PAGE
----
Lectio Divina: Mark 3:31-35
1) Opening prayer
All-powerful and ever-living God,
direct Your love that is within us,
that our efforts in the name of Your Son
may bring the human race to unity and peace.
We ask this through our Lord Jesus Christ, Your Son,
who lives and reigns with You and the Holy Spirit,
One God, for ever and ever. Amen.
2) Gospel Reading - Mark 3:31-35
The mother of Jesus and his brothers arrived at the house. Standing outside, they sent word to Jesus and called him. A crowd seated around him told him, "Your mother and your brothers and your sisters are outside asking for you." But he said to them in reply, "Who are my mother and my brothers?" And looking around at those seated in the circle he said, "Here are my mother and my brothers. For whoever does the will of God is my brother and sister and mother."
• The family of Jesus. The relatives reached the house where Jesus was. They have probably come from Nazareth. From there to Capernaum there is a distance of forty kilometers. His mother also comes with them. They do not enter, but they send a messenger: “Look, Your mother and brothers and sisters are outside asking for You!” Jesus’ reaction is clear: “Who are My mother and My brothers?” And He Himself responds by turning to look toward the crowd who is there around Him: “Here are My mother and My brothers! Anyone who does the will of God is My brother and sister and mother!” To understand the meaning of this response it is necessary to look at the situation of the family at the time of Jesus.
• In old Israel, the clan (the large family, the community), was the basis of living together. It was protection for families and people, the guarantee of possession of the land, the principle vehicle of tradition, and the defense of identity. It was the concrete way on the part of the people of that time to incarnate the love of God and the love toward neighbor. To defend the clan was the same as to defend the Covenant.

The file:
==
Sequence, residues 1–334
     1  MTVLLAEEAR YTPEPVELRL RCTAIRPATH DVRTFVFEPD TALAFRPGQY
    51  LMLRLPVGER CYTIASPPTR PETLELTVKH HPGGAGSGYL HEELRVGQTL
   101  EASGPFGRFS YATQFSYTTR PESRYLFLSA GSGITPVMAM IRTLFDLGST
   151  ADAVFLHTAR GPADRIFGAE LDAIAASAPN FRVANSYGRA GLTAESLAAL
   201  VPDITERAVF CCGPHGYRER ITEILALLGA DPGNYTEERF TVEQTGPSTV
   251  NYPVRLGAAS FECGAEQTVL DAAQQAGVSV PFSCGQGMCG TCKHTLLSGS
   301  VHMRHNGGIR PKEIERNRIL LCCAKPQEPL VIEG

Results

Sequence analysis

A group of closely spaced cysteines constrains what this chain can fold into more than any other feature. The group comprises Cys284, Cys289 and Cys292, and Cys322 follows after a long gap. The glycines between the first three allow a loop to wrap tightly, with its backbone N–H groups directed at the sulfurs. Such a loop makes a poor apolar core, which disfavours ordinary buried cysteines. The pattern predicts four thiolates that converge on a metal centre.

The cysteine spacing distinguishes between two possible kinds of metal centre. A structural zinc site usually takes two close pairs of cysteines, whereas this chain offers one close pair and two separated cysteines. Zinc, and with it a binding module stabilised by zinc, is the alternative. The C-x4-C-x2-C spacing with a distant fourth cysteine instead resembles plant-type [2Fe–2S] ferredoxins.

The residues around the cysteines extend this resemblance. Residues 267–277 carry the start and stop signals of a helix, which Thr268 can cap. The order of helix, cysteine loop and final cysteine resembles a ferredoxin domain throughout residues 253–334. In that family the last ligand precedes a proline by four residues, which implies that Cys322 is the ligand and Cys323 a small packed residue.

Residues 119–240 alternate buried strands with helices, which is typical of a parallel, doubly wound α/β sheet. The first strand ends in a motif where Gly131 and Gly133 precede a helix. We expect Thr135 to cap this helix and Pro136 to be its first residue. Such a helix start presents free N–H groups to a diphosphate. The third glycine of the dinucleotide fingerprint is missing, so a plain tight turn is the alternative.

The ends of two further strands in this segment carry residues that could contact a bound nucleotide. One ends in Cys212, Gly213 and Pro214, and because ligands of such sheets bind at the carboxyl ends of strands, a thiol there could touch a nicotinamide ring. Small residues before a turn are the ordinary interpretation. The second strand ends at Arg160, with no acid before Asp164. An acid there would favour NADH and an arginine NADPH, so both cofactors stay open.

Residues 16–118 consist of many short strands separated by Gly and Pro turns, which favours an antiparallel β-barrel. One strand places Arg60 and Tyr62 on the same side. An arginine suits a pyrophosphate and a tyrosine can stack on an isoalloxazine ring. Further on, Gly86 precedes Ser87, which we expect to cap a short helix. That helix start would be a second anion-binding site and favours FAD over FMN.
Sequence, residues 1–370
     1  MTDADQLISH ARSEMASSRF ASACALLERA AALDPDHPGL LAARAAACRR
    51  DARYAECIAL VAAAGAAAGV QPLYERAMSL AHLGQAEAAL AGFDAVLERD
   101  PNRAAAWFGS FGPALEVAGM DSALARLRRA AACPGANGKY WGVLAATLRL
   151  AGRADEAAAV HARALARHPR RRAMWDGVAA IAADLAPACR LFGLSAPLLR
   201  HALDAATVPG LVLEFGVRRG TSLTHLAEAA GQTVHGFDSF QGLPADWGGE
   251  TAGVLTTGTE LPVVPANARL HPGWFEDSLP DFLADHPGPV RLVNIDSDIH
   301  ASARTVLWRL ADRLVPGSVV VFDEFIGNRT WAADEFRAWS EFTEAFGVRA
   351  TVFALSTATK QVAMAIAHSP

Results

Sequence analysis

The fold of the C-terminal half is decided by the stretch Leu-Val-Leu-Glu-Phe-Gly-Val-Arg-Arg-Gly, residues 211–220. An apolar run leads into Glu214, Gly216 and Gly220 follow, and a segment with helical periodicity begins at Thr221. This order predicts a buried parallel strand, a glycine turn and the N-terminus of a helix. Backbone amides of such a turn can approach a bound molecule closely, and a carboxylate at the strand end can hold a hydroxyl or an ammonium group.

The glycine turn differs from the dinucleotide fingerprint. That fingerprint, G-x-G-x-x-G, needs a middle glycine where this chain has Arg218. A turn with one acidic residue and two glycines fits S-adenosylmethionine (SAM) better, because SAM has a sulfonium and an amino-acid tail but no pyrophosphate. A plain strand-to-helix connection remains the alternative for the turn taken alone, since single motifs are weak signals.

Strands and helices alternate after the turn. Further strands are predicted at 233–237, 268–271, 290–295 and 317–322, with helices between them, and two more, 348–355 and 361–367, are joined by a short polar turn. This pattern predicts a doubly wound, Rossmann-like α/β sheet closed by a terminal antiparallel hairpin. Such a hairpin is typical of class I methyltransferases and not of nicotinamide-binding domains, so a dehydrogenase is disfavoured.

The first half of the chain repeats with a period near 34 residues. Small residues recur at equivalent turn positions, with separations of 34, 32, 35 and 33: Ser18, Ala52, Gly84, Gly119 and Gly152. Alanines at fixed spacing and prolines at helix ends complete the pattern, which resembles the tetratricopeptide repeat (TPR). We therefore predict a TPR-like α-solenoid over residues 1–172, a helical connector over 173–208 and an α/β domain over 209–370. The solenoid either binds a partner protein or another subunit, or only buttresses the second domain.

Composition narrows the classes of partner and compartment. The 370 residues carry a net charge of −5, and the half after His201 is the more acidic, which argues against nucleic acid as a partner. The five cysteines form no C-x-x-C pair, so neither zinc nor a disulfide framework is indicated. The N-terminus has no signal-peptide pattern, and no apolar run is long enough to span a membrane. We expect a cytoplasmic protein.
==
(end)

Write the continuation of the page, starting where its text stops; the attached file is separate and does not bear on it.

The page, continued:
• In Galilee at the time of Jesus, because of the system established during the long periods of government of Herod the Great (37 BC to 4 BC) and his son Herod Antipas (4 BC to 39 AD), the clan (the community), was becoming weaker. The taxes to be paid, both to the government and to the Temple, the debts which were increasing, the individualistic mentality of Hellenism, the frequent threats of violent repression on the part of the Romans and the obligation to accept the soldiers and give them hospitality, and the ever growing problem of survival, impelled families to close themselves in on themselves and to think only of their own needs. This closing up was strengthened by the religion of the time. For example, one who gave his inheritance to the Temple could leave his parents without any help. This weakened the fourth commandment which was the backbone of the clan (Mk 7:8-13). The observance of the norms of purity was a factor in the marginalization of many people too, such as women, children, Samaritans, foreigners, lepers, possessed people, tax collectors or publicans, the sick, mutilated people and paraplegics.
• The concern over the problems of one’s own family prevented people from meeting in community. Now, in order that the Kingdom of God could manifest itself in community living, people had to overcome the narrow limits of the small family and open themselves to the larger family, and the community. Jesus gave the example. When His own family tried to take control of Him, He reacted and extended the family: “Who are My mother and My brothers?” And He Himself gave the answer, turning His look toward the crowd, “Here are My mother and My brothers! Anyone who does the will of God is My brother, sister and mother!” (Mk 3:33-35). He created a community.
• Jesus asked the same thing from all those who wanted to follow Him. Families should not close themselves in on themselves . The excluded and the marginalized had to be accepted in life with others and feel accepted by God (Lk 14:12-14). This was the path to attaining the objective of the Law, which said , “There must, then, be no poor among you” (Dt 15:4). Like the great prophets of the past, Jesus tries to consolidate community life in the villages of Galilee. He takes back the profound sense of the clan, the family, and the community as an expression of the incarnation of the love toward God and toward neighbor.
4) Personal questions
• What place and what influence does the community have in my way of living the faith ?
• Today, in the large city, overcrowding promotes individualism which is at odds with life in community. What am I doing to counteract this? How does one reconcile personal physical safety with community involvement in these urban areas?
5) Concluding prayer
I waited, I waited for Yahweh,
then He stooped to me
and heard my cry for help.
He put a fresh song in my mouth,
praise of our God. (Ps 40:1.3)